Nepal reopens border to overland visitors from IndiaNepal sealed the border with India in March 2020 with the coronavirus in full rampage, only allowing trucks carrying vital supplies to pass.
The first overland Indian tourists in one and a half years crossed into Nepal at the Raxaul-Birgunj border on Friday, as the country cautiously reopened to foreign visitors after the pandemic appeared to recede.
Nepal sealed the border with India in March 2020 with the coronavirus in full rampage, only allowing trucks carrying vital supplies to pass.
Local authorities unlocked the gates to vehicles bearing Indian number plates on Friday, permitting free movement of Indian tourists. Nepal and India share a 1,800-kilometre-long porous border.
The opening up followed a September 21 cabinet decision to allow cross-border tourism activities and trade.
Subsequently, on September 23, Nepal implemented a new travel protocol which eliminated the seven-day quarantine requirement and resumed issuing on-arrival visas to all vaccinated foreign travellers in a bid to bring its virus-ravaged tourism industry back to life.
Visitors should have received their last dose of the Covid-19 vaccine at least 14 full days prior to entering Nepal. Those who are not vaccinated or partially vaccinated will not get on-arrival visas. They have to get their entry permits from Nepali diplomatic missions, and also spend 10 days in quarantine in government-listed hotels.
The government has revised the travel protocol removing the mandatory provision for all travellers to undergo mandatory antigen or rapid antigen tests at immigration entry points.
On Friday, tourism entrepreneurs in Birgunj welcomed the first vehicle carrying Indian tourists.
“We have planned our holiday trip up to Hetauda,” said Anuj Sinha, one of the group of four sightseers who were the first to enter Nepal on Friday. He said they were thrilled by the warm welcome at the border.
Mayor of Birgunj Metropolitan City Vijay Kumar Sarawagi said he expected Indian tourist arrivals to increase since the restriction on vehicle movement has been removed.
“It will also reduce the difficulties of people of both countries who were prevented from travelling due to the Covid-19 pandemic."
Travel trade entrepreneurs had been urging local authorities to reopen the border for Indian tourists for a long time.
“Indian tourists are a big contributor to Nepal’s tourism,” said Hari Panta, president of the Hotel and Tourism Entrepreneurs Association in Birgunj.
“Until we make it easier for Indian tourists to visit Nepal, the industry will not recover. After prolonged pressure, the administration has finally given permission for Indian vehicles to enter Nepal. This is a welcome move.”
Harihar Poudel, chief of the Birgunj Customs Office, said they had allowed Indian passenger vehicles to enter Nepal following the cabinet decision. “The tourists, however, need to follow all health safety protocols as stated in the travel protocol.”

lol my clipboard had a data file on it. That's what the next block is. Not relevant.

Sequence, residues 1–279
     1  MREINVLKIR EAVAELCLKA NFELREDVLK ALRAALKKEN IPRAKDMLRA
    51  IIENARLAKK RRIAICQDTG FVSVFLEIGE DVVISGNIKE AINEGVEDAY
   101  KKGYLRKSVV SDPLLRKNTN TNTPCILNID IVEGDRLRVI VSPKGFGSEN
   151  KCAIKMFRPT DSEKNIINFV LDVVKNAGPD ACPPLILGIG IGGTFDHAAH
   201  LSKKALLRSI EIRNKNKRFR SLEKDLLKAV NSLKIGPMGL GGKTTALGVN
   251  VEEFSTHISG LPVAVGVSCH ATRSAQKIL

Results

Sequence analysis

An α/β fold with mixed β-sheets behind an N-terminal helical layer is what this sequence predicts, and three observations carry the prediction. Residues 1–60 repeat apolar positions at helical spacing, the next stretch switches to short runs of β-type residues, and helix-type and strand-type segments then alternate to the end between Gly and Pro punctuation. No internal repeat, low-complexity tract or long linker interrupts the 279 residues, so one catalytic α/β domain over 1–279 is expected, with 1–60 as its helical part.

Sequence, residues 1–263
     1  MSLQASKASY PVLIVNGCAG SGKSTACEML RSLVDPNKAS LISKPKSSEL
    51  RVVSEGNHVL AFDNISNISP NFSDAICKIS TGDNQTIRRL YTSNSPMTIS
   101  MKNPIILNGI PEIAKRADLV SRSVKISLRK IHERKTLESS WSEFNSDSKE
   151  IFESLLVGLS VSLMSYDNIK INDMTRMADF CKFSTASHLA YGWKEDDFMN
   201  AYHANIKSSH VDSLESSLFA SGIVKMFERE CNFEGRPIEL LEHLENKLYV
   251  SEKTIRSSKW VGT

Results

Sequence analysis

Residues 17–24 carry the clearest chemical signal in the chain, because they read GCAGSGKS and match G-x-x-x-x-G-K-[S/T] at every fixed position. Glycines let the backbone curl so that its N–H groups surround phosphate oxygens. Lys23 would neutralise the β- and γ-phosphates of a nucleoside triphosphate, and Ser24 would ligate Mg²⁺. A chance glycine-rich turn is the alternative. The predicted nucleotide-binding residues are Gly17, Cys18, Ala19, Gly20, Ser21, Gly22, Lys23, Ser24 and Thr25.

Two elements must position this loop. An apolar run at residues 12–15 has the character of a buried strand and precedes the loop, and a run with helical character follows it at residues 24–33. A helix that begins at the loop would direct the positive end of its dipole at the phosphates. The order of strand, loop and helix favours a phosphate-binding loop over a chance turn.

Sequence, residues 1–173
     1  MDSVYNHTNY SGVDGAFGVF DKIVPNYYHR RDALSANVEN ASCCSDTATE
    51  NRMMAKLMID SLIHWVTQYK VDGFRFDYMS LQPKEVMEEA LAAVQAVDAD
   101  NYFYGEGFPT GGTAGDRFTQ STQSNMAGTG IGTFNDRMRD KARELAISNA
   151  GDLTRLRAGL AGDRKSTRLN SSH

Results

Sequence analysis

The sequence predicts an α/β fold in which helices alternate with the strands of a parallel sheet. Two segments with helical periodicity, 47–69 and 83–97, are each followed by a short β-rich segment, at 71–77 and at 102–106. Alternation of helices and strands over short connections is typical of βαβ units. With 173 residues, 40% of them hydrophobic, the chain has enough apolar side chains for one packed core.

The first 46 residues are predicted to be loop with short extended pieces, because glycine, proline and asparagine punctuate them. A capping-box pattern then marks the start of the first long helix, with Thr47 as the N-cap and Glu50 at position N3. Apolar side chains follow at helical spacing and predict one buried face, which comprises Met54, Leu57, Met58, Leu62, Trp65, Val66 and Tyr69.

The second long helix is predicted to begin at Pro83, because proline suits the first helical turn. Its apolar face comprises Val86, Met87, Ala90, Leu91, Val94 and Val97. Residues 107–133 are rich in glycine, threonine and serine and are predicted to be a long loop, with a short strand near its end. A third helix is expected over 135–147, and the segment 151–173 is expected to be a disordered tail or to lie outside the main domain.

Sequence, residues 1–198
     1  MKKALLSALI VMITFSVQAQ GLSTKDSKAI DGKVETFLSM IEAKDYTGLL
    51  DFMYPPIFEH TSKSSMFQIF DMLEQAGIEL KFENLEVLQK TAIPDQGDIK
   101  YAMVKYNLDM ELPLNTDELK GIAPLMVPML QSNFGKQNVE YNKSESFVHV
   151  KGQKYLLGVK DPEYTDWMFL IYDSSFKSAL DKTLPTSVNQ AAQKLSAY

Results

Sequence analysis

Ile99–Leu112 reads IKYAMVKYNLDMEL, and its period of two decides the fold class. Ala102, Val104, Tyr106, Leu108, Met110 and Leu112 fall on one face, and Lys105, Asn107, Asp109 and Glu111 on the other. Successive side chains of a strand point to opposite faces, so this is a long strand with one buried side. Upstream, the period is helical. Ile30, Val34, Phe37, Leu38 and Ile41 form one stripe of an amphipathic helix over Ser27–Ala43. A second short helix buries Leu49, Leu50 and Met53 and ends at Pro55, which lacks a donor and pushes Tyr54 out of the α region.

Indian nationals arriving in Nepal through land border points need to submit a Covid-19 negative report (RT-PCR, Gene Expert, True NAAT or WHO accredited test) obtained within 72 hours of departure from the first port of embarkation or within 72 hours if entering Nepal by land.
They are required to produce a printed copy of the international traveller online arrival form, obtained after online registration at www.ccmc.gov.np, to ensure arrival permission.
Travel and tourism businesses, which accounted for around 8 percent of the country's gross domestic product and provided more than 1.05 million jobs directly and indirectly in pre-Covid times, were the hardest hit after travel restrictions came into force in late March last year.
Nepal received 33,680 Indian tourists by air in the first eight months of 2021, according to the Department of Tourism. There is no data of Indians crossing land border points. According to the statistics, Indian arrivals started to recover from January and February when 4,028 and 4,763 visitors respectively entered the country.
The figure jumped to 7,658 in March as the government reopened the country to foreign travellers in spring in the hope of lifting up the economy and employment by reviving tourism.
As a result, a sharp growth in arrivals was observed in April with 13,202 Indian visitors entering Nepal.
After the second Covid-19 wave hit Nepal in April, the country slid into a devastating crisis with the authorities enforcing strict lockdown measures. Nepal imposed a second lockdown on April 29. Consequently, the number of Indian visitors plummeted to 580 in May and 359 in June.
About two months later, the restrictions were relaxed gradually, and since September 1, almost everything has been allowed to reopen.
India is Nepal’s top tourist source market. Nepal received 1.17 million tourists via air and land routes in 2019, with Indians accounting for 209,611 arrivals.